Whether Germany is a European hegemon and whether other European member states actually want Germany to perform this role (what has become known as the Germanification of Europe) remains a much-contested issue. According to the theory of hegemonic stability in the discipline of international relations, hegemonic powers are essential to provide the norms and principles needed to resolve international coordination problems (Kindleberger 1973). In calling for an altruistic hegemon it is nevertheless worth remembering that hegemons seldom act against their own self-interests (Ruggie 1998) and that they often do so to advance their objectives against other agents in a tactical manner (Lagna 2015). This European question regarding the role and desirability of a hegemon is significantly connected to Germany’s unique discourse around its deficit fetishism (Stiglitz 2016).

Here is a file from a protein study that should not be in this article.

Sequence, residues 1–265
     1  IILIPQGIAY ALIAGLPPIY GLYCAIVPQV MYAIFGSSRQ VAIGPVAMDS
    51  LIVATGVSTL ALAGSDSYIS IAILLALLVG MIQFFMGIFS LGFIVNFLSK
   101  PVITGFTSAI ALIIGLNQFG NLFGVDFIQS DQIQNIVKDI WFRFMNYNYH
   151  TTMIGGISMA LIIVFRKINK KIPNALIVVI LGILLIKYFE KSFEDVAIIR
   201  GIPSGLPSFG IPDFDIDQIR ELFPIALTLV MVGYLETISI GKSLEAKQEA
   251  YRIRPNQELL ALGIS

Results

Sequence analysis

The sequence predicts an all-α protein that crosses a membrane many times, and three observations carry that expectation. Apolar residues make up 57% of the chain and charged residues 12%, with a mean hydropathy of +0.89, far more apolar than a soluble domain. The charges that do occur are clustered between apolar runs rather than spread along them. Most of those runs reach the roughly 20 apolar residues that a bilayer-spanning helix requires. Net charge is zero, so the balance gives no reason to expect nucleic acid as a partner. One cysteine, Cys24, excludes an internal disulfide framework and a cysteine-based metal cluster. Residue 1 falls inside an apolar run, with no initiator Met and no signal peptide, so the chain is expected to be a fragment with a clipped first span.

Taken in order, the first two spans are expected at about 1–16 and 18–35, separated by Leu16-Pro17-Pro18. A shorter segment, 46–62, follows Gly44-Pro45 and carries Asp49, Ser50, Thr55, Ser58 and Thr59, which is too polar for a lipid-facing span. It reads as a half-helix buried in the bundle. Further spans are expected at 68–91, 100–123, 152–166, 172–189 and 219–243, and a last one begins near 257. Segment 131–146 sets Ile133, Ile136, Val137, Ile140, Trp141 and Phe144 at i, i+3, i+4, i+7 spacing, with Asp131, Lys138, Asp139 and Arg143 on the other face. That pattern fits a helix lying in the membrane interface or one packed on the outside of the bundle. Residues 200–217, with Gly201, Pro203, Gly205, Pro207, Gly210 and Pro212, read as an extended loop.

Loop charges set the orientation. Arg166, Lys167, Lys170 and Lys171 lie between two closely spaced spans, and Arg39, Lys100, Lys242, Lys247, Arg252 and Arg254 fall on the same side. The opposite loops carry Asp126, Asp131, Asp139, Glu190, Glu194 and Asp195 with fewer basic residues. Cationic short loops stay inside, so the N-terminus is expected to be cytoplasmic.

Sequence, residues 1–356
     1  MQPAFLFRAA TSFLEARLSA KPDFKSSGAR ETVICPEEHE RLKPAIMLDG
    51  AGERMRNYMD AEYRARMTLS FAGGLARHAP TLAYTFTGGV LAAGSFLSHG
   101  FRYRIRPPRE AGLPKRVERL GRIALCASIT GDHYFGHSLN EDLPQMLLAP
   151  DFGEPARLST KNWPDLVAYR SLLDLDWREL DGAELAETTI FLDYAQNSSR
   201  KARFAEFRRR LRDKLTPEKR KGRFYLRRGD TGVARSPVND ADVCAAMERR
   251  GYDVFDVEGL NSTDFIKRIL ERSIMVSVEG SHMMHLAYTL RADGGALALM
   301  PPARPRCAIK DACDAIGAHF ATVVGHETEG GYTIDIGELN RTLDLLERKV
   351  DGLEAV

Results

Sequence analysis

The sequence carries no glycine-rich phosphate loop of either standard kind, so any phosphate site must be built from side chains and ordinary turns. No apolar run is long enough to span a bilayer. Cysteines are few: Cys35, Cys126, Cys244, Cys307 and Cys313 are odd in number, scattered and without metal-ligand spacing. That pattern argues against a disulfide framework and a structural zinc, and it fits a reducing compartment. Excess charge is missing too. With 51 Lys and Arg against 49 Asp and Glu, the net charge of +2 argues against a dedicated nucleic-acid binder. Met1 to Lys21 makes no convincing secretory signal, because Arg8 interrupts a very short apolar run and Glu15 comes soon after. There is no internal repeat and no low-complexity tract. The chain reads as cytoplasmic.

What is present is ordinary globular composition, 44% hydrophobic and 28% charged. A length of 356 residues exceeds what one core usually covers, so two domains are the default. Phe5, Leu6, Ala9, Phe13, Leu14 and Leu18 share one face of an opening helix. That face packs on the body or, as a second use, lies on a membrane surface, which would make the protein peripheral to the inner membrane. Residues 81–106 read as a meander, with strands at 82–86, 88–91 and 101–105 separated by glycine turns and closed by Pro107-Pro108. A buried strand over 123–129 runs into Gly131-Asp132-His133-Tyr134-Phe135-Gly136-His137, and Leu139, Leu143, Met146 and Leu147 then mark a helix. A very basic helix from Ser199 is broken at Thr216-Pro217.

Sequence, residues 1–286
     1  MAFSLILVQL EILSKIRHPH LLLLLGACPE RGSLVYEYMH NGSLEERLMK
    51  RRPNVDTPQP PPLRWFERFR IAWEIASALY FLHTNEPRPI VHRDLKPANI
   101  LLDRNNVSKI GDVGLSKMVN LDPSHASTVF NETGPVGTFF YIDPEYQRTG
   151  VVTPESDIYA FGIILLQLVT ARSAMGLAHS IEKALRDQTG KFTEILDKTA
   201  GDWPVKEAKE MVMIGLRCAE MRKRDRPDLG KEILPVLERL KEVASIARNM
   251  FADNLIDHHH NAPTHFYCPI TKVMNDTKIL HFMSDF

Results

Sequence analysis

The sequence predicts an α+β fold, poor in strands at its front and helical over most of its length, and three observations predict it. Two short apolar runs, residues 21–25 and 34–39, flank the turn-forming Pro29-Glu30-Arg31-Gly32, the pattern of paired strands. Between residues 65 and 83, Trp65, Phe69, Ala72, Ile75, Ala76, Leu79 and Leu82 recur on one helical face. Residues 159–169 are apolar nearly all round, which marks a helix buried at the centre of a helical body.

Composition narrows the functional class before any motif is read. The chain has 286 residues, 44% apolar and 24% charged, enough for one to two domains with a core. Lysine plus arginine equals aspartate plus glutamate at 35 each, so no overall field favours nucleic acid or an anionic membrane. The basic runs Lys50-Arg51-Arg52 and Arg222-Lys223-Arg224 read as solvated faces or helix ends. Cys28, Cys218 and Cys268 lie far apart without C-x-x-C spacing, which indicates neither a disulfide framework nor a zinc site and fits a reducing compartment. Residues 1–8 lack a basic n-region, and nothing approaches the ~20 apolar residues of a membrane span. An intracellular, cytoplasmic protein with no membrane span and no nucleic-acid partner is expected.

In terms of fiscal prudence, CDU Finance Minister Wolfgang Schäuble has achieved a zero deficit target (die schwarze Null) two years in a row (2014 and 2015), which is all the more remarkable given that this has not happened since 1969. Recently released figures show that the German federal government has achieved a budgetary surplus of €12.1 billion for 2015, which is double the amount forecast in November of last year (n-tv, 13.1.2016). Symbolically achieving this target conjures up the imaginary of German fiscal responsibility versus the imaginary of Southern fiscal profligacy, implying that Southern Europe should change its socio-cultural norms and conventions to become more like Germany. As was demonstrated during the Eurozone debt crisis, Germany is the largest creditor country in the Eurozone and thus wields enormous structural and asymmetrical power against debtor countries (Dyson 2010). In other words, Germany’s strong tradition of deficit fetishism functions as an ideational and material roadmap to advance its objectives to institutionalize restrictive fiscal norms across the EU against a Keynesian focus on boosting aggregate demand.